Investors often have confusion about the rate of return used in annuities in general and in DCF Income Payments in particular. DCF Income Payments (also known as Secondary Market Annuities) are in reality quite simple- they are nothing more than an amortizing payment stream, with each payment containing principal and interest. It is basic discounted cash flow (DCF) math that uses a discount rate and an amortization schedule to arrive at price.
The yield of the investment is also the same as the discount rate, or internal rate of return, and the price of the investment is also the same as the net present value of the payment stream at that discount rate.
UNDERSTANDING THE AMORTIZATION SCHEDULE
The amortization schedule shows the principal and interest component of each payment. Amortization refers to the reduction of a debt or investment over time by paying back the debt over the period. With amortization, each payment is comprised of both a principal repayment component and an interest component on the debt/investment.
After each payment, the remaining principal is the loan or investment balance that is still outstanding. As more principal is repaid with each passing payment, less interest is due/received on the adjusted principal balance. Over time, the interest portion of each monthly payment declines and the principal repayment portion increases.
Amortization is most commonly encountered by the general public when dealing with either mortgages or car loans but in this case, refers to the periodic principal reduction plus the interest returned to an investor over the life of the DCF Income Payment stream.
The price paid for the DCF Income Stream is calculated using the discount rate, or internal rate of return on the payments (IRR). This is the rate that is applied to the diminishing principal balance each month until all the principal and interest has been returned to the investor.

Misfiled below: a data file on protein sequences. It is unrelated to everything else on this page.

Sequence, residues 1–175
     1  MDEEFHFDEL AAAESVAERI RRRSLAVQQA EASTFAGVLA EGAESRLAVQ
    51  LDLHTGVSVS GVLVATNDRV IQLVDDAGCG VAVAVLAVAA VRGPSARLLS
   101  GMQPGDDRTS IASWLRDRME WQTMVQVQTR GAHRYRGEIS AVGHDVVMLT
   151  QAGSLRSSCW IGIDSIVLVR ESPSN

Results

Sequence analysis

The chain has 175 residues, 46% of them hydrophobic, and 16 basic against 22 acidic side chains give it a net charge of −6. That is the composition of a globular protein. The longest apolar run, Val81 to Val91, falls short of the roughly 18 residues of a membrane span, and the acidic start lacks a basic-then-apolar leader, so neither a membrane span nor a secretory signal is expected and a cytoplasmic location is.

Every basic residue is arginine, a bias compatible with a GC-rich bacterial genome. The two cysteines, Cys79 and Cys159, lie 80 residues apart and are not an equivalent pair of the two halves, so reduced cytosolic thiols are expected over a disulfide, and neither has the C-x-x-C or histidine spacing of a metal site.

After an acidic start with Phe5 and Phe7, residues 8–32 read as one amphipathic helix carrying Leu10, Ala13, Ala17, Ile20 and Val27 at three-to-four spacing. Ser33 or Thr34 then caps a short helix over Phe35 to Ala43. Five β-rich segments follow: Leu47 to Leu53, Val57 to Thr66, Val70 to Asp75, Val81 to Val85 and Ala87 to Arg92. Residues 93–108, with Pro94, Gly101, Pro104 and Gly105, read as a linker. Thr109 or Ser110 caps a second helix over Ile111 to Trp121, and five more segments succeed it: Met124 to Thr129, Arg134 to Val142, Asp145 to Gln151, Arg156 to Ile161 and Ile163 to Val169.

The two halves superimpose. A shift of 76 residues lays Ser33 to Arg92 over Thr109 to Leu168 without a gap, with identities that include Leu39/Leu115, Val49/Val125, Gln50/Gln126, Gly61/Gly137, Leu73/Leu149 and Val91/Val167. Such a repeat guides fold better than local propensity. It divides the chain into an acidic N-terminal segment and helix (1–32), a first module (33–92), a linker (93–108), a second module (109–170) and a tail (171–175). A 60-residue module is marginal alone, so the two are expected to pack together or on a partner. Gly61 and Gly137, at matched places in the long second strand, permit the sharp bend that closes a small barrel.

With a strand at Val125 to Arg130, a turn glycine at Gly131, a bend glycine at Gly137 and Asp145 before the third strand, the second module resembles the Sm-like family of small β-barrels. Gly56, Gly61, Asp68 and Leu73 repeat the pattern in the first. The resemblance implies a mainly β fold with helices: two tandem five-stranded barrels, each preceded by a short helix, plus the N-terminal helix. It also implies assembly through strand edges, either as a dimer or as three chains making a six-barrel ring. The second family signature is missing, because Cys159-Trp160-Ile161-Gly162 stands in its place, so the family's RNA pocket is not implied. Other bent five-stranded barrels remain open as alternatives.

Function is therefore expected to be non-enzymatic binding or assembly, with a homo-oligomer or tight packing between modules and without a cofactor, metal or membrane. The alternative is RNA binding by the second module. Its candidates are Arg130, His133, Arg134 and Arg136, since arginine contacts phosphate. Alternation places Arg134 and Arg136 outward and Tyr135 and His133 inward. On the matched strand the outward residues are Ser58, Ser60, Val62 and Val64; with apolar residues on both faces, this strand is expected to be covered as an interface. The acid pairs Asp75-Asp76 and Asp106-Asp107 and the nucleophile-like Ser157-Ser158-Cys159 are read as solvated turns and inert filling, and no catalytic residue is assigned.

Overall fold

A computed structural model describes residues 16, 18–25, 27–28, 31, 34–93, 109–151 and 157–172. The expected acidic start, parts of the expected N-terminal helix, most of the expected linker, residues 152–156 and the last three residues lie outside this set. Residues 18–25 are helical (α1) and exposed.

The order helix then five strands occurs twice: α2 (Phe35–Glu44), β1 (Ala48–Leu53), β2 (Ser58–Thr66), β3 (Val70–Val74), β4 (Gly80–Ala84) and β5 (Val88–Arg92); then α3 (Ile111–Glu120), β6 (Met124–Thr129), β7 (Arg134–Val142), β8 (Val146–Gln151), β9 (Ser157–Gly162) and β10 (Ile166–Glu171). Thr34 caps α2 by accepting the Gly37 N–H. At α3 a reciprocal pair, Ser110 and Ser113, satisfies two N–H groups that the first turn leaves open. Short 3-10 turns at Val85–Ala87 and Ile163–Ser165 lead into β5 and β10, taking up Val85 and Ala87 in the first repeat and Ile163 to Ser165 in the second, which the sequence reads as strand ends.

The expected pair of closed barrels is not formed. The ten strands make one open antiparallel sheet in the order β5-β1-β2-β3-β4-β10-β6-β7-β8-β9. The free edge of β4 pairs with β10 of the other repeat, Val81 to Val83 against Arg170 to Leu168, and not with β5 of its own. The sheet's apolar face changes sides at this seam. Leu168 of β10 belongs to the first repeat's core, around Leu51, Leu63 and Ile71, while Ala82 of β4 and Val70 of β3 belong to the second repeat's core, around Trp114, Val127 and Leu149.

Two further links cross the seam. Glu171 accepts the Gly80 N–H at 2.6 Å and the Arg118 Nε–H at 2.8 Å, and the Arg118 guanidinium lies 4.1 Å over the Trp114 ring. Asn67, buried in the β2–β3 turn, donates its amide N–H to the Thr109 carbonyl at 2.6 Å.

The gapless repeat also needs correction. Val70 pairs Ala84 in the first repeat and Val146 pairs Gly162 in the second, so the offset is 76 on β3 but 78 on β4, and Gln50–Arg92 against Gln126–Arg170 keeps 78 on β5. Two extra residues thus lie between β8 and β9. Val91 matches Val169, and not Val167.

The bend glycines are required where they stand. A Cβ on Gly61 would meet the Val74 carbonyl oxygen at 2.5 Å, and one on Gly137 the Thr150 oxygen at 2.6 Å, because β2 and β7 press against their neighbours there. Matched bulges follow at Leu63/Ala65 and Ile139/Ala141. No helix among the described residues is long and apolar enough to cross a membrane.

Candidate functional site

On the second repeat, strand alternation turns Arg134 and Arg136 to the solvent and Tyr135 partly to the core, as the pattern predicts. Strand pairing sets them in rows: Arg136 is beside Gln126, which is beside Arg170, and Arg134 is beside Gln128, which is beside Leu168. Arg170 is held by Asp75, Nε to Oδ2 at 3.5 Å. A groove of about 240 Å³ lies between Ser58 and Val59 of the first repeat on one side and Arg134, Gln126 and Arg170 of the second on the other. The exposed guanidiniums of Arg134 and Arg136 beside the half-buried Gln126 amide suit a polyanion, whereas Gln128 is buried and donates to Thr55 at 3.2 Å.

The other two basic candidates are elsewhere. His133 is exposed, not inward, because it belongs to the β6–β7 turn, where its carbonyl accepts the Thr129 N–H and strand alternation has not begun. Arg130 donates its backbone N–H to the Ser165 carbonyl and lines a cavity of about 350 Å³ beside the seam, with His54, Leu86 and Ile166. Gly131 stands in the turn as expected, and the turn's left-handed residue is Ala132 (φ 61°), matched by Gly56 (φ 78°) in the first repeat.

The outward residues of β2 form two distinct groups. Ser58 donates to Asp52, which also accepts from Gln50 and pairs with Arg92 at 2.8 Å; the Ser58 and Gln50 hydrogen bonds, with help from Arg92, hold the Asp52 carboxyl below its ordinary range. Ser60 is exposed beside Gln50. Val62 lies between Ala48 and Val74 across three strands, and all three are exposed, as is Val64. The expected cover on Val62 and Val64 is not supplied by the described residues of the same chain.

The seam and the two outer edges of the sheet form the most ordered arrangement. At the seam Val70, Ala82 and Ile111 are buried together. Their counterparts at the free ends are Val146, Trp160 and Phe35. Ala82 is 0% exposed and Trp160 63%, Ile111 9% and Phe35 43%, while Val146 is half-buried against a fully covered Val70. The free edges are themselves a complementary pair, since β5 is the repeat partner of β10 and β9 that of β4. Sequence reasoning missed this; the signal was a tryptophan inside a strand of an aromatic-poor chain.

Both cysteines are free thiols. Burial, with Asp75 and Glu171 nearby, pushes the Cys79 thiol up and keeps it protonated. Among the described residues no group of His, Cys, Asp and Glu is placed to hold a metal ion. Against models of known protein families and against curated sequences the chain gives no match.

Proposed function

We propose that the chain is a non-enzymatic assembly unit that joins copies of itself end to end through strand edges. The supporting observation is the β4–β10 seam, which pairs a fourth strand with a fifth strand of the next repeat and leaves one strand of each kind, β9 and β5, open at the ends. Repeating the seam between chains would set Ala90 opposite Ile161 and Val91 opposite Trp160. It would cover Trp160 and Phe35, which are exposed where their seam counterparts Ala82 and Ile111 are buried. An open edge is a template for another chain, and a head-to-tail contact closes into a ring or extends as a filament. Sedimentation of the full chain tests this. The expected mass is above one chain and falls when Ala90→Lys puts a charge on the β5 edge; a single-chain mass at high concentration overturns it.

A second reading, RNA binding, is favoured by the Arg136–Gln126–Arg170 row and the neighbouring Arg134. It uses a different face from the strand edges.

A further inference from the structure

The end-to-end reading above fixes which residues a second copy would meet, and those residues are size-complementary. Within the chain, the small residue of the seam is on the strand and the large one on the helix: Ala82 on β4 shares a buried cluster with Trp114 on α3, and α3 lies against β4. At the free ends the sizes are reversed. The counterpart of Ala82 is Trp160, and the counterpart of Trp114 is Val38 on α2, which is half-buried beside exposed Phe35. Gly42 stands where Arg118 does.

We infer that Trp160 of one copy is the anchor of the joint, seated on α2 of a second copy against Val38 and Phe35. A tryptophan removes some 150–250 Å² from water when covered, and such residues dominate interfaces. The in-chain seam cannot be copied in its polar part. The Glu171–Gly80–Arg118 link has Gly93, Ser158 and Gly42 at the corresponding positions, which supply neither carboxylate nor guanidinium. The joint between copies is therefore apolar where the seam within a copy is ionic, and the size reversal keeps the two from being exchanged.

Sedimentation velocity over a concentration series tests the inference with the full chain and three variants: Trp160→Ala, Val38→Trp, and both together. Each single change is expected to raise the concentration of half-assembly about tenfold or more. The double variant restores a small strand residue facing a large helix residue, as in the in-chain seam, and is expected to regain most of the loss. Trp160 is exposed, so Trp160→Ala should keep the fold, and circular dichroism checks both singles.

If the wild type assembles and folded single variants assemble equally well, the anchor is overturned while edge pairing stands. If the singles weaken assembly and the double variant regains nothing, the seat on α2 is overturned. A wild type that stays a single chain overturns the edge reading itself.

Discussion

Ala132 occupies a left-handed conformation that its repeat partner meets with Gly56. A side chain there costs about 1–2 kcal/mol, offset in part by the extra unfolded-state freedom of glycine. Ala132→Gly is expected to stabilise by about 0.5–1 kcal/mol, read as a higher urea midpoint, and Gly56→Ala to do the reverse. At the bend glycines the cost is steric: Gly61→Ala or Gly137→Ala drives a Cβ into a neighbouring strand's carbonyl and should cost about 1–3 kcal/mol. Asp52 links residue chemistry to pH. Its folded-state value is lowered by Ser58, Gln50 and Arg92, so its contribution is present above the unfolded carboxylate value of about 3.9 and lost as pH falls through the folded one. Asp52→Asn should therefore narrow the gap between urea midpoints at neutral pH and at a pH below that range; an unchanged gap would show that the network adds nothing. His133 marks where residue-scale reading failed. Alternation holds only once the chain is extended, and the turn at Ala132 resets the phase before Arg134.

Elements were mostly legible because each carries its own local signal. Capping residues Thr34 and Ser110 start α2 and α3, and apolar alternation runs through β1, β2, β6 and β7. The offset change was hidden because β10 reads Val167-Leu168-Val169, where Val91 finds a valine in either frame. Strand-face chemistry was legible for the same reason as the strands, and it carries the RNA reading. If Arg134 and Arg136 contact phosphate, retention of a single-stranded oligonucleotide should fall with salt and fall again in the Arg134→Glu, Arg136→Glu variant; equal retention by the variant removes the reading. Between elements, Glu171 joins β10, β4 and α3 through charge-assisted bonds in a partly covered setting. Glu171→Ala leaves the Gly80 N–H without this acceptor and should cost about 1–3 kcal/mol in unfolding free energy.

TIME VALUE OF MONEY EXAMPLE
Discounted cash flows involve the concept of Time Value of Money- a dollar tomorrow is worth less than a dollar today. How much less? That requires the ‘Discount Rate’ to calculate, and discount rate and effective rate are synonymous for these investments.
Here’s a simple example:
$100 in 1 year at a 10% discount rate will cost $90.91 today.
A $90.91 investment today at a 10% Effective rate with monthly compounding will yield $100 in 1 year.
CALCULATING EFFECTIVE RATE FOR YOURSELF
The yield, or effective rate of return, is also equivalent to the Internal Rate of Return, or IRR. To calculate IRR in in MS Excel, use the formula XIRR=((payments),(dates),0). This formula calculates the discount rate, or effective rate, for a given series of payments on definite dates. XNPV may also be used to solve for the purchase price of a series of payments on definite dates at a known discount rate.
Click Here for an Excel sheet of the example above. Note that MS Excel uses daily compounding in the XIRR function, whereas most loans and all DCF payments use monthly compounding. These slight variations in the amortization table end up with slightly different values and XIRR may vary by a few thousandth’s of a point. This industry uses actual/ 365 day year and monthly calculation methodology in our calculations.